Paul Mac laid down the score and really nailed things. Mac isn't intrusive, and O'Flaherty does on occasion try to underline a development by going with silence, which adds up to pretty good value on the music front.
Summary Executionbr> I sat down to watch Beautiful with the notion that it might be Australia's answer to the surprise North American hit Disturbia. Not sure where I got that idea from, but the movie I watched was completely different to the modern update of Rear Window. Must say I managed to get through Beautiful without pausing it, but end of day I was left with a slightly sour taste in my mouth and the feeling that there was a much better movie in there trying to get out.
Beautiful was a straight to DVD effort that generated pretty poor results overall. Unfortunately for the Distributors the Australian market is teeming with local product this year and any movie that doesn't hit the marketing bandwagon early is going to get washed away by the deluge. Tom Boys and Crush are also suffering from this with their respective DVD releases hardly raising a blip on horror fan radars. I wasn't particularly interested in checking out the DVD extras Beautiful boasted so can't report on those.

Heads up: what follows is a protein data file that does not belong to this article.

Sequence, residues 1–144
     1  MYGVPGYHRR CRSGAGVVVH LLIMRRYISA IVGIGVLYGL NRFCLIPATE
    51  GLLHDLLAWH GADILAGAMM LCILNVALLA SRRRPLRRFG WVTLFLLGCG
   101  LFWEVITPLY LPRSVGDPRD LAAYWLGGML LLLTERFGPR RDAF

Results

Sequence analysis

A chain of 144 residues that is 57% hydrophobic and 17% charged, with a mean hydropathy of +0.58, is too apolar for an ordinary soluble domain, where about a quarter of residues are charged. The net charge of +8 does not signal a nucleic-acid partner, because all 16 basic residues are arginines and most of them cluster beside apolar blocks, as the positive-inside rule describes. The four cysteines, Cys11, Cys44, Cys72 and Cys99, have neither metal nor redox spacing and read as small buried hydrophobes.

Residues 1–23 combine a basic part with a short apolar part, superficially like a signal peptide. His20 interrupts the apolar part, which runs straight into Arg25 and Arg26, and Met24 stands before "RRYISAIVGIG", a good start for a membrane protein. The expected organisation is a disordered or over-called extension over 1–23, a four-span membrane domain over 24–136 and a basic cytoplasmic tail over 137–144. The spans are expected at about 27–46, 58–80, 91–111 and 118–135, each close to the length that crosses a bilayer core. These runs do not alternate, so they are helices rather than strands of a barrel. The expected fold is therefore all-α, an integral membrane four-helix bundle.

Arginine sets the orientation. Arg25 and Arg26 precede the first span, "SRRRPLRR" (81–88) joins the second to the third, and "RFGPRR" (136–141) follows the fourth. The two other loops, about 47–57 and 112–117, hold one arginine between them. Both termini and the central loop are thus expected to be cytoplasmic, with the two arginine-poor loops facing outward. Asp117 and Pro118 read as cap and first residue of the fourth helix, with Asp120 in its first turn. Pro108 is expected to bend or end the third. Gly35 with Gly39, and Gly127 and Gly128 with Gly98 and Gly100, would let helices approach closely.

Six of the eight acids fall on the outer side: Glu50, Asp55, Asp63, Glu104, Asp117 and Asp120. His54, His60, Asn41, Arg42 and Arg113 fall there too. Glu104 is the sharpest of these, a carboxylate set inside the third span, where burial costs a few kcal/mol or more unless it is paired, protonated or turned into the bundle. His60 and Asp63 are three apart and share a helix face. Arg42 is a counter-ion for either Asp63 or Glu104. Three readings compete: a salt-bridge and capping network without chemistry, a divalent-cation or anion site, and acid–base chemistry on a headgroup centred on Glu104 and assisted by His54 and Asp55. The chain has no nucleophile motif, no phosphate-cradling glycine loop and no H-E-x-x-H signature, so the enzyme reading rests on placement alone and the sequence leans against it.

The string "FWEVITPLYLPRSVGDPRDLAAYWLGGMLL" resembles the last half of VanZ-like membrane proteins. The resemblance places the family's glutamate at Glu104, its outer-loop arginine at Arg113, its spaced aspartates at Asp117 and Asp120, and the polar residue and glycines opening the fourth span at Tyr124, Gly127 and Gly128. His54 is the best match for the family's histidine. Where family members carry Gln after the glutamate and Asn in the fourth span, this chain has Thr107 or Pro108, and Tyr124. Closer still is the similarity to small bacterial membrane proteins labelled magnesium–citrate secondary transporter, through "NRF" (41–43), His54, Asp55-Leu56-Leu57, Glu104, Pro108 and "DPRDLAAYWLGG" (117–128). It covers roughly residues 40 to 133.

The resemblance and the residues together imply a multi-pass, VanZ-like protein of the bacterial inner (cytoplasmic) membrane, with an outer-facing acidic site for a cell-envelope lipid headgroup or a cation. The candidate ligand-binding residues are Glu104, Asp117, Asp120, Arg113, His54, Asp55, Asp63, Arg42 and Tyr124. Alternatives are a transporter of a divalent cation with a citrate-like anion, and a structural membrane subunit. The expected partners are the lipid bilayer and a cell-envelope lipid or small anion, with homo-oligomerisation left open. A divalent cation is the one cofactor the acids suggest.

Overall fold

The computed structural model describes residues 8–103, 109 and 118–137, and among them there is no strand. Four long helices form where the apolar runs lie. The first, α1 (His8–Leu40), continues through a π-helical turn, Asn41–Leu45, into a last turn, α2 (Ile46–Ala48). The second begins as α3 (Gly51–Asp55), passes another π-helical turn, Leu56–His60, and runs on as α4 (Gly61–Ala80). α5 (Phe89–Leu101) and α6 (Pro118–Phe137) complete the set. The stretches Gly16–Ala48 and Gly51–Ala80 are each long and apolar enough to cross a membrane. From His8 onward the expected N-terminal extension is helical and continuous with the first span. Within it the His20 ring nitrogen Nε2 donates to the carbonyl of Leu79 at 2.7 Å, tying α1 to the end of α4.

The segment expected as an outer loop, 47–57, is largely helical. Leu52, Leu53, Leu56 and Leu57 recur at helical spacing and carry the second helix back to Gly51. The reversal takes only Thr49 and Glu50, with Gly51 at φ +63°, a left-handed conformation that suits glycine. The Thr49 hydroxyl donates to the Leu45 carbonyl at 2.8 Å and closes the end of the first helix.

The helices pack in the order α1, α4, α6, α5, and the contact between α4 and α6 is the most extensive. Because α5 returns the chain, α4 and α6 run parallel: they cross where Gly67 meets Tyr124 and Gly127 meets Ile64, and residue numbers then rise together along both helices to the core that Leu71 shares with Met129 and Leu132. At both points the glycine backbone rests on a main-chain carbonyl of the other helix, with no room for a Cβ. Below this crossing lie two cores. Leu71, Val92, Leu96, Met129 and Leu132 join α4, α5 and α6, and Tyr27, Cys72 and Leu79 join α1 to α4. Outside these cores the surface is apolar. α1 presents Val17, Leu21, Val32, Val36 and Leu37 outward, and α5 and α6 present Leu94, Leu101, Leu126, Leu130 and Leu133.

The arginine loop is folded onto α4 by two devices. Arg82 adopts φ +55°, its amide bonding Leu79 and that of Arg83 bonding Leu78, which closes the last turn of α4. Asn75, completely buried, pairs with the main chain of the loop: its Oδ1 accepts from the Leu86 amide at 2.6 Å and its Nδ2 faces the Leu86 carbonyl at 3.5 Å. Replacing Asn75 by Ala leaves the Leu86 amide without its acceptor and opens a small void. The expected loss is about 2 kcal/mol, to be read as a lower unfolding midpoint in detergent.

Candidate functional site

In 2009 we are getting a lot of dark genre releases, meaning a heck of a lot of choice for fans of Down Under horror flicks. I'm actually going to be hard pressed to cover everything, and some movies might not get a look in till the new year. Which is a round about way of saying there's some better Australian releases currently on DVD shelves waiting on your appreciation. If you happen to run across a copy of Beautiful in the weekly aisle it's probably worth a rental, but don't expect a classic coming at you. Beauty remains in the eye of the beholder, till next time folks.
ScaryMinds Rates this movie as ...br> br> A few too many problems mean this movie is Sunday arvo fodder. Keep an eye on the Director however, expecting much better things from him in the future.